A geomagnetic reversal is a change in a planet's magnetic field such that the positions of magnetic north and magnetic south are interchanged, while geographic north and geographic south remain the same.The Earth's field has alternated between periods of normal polarity, in which the predominant direction of the field was the same as the present direction, and reverse polarity, in which it was the opposite. The time spans of chrons are randomly distributed with most being between 0.1 and 1 with an average of 450,000 years.
It has become especially useful to metamorphic and igneous geologists where index fossils are seldom available.
Through analysis of seafloor magnetic anomalies and dating of reversal sequences on land, paleomagnetists have been developing a Geomagnetic Polarity Time Scale (GPTS).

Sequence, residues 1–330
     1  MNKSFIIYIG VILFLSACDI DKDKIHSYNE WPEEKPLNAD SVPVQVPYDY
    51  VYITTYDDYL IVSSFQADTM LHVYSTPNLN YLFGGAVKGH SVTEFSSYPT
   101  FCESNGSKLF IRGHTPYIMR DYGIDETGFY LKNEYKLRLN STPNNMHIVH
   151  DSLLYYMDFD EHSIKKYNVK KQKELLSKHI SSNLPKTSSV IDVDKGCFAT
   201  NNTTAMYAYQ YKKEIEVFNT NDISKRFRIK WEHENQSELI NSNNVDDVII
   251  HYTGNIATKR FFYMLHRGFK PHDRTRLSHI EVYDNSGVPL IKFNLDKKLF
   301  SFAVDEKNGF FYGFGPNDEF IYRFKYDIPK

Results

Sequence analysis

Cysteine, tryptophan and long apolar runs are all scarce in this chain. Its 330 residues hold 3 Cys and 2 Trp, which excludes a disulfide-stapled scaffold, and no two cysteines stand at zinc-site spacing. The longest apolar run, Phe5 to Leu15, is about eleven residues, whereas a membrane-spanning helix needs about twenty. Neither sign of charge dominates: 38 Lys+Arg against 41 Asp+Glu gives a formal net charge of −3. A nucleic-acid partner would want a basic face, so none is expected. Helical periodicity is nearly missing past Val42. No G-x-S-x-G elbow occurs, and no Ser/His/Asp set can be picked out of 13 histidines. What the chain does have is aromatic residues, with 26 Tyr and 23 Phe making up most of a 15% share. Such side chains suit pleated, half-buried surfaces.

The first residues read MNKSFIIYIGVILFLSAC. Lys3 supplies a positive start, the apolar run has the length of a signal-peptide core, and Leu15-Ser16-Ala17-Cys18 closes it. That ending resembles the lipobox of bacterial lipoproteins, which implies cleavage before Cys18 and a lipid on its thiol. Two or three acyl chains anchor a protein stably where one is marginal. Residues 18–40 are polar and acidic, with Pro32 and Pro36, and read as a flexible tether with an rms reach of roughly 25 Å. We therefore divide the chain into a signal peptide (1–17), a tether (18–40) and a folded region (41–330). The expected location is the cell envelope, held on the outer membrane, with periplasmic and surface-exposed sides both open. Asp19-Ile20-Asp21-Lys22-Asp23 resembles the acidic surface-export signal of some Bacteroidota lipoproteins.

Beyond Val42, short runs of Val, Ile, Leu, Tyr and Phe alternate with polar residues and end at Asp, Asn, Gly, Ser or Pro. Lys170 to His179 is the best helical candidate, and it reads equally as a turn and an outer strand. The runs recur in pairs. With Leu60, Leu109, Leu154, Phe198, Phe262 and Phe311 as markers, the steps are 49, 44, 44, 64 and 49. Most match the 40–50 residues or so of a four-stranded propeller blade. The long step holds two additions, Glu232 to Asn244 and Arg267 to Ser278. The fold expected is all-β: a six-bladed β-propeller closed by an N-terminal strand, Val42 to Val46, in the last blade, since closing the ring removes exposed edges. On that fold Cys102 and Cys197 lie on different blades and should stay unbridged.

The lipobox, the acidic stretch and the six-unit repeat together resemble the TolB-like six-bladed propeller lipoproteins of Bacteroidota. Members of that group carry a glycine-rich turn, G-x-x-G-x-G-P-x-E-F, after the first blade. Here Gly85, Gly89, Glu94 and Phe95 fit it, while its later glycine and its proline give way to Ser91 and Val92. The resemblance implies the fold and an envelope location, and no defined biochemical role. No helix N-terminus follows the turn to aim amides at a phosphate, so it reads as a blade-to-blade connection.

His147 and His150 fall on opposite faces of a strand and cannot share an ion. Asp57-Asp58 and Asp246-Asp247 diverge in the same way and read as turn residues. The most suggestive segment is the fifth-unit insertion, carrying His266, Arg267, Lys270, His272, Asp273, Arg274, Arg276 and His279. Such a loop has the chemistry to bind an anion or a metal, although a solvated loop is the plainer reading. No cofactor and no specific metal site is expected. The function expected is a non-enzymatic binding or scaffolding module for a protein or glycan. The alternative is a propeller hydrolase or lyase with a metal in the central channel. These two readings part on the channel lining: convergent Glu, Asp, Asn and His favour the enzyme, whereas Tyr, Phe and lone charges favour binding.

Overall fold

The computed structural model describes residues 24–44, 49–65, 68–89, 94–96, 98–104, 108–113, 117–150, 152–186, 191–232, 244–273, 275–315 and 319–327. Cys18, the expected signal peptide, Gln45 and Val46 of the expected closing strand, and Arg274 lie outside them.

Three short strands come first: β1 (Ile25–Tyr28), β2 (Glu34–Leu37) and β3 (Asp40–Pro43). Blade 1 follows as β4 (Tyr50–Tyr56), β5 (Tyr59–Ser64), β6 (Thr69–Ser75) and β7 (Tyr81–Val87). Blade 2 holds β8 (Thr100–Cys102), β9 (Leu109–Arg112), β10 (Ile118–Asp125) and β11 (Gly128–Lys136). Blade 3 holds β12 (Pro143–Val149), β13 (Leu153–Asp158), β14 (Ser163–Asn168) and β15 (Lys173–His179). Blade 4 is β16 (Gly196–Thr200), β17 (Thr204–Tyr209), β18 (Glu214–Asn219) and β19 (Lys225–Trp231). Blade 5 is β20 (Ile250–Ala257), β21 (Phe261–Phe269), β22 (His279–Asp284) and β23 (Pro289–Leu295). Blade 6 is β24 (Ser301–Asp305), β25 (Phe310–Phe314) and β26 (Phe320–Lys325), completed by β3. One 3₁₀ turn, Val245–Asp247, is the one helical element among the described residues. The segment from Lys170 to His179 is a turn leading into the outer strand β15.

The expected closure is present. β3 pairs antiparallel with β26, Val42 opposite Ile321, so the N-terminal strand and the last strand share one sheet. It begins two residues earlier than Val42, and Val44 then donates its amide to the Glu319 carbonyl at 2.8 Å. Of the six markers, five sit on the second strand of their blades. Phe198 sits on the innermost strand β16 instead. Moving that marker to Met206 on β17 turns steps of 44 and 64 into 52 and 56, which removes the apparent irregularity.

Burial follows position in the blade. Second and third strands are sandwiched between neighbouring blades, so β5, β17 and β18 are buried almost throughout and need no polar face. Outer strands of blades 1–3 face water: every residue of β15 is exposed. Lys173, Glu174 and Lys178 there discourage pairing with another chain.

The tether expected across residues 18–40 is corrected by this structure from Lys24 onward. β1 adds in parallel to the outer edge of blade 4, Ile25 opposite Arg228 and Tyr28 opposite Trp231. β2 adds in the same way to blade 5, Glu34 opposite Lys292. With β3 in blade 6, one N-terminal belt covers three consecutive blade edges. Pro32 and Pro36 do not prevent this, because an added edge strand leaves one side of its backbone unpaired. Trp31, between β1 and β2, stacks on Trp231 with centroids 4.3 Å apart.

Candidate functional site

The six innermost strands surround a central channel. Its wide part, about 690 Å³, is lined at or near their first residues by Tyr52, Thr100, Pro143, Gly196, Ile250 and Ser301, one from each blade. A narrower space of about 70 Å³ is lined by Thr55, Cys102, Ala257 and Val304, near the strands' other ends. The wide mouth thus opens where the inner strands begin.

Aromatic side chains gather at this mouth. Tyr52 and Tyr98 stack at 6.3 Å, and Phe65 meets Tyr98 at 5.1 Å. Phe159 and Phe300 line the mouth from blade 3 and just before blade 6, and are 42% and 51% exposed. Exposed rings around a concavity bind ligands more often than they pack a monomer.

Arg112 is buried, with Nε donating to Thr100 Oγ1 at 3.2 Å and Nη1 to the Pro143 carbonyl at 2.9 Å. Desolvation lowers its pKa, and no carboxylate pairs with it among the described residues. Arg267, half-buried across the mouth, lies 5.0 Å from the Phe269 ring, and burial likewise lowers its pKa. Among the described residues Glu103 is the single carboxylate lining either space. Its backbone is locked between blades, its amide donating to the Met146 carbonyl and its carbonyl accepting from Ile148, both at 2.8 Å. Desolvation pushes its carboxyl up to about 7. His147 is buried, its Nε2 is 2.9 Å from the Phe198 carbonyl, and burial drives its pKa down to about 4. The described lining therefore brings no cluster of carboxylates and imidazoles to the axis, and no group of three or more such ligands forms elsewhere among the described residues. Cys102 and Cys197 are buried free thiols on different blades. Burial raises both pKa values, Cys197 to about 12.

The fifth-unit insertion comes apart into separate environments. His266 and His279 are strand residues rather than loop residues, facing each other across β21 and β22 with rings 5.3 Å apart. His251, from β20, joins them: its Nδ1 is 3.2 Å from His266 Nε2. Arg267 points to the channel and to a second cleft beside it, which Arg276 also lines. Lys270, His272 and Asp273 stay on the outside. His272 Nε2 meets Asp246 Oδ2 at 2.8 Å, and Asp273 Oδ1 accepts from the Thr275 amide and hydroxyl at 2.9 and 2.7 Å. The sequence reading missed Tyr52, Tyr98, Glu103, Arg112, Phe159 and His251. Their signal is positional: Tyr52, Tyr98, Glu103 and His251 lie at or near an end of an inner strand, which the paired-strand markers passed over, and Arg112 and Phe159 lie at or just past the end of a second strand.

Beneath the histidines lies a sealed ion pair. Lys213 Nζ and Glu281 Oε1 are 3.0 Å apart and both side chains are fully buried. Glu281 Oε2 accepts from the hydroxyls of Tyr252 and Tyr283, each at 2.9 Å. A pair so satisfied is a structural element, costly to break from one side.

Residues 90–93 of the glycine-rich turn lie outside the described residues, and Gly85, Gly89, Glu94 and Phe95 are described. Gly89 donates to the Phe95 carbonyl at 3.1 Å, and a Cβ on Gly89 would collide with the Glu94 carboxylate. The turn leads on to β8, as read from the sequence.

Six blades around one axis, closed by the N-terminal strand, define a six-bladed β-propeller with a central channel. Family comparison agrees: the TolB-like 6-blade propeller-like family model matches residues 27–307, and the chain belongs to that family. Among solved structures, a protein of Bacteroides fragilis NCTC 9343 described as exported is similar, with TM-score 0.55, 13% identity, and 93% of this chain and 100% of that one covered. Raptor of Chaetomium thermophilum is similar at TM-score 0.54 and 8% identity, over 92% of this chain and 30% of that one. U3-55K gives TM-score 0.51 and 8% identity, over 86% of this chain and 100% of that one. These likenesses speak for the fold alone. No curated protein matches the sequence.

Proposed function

The current time scale contains 184 polarity intervals in the last 83million years.
The next major advance in understanding reversals came when techniques for radiometric dating were developed in the 1950s.
Allan Cox and Richard Doell, at the United States Geological Survey, wanted to know whether reversals occurred at regular intervals, and invited the geochronologist Brent Dalrymple to join their group.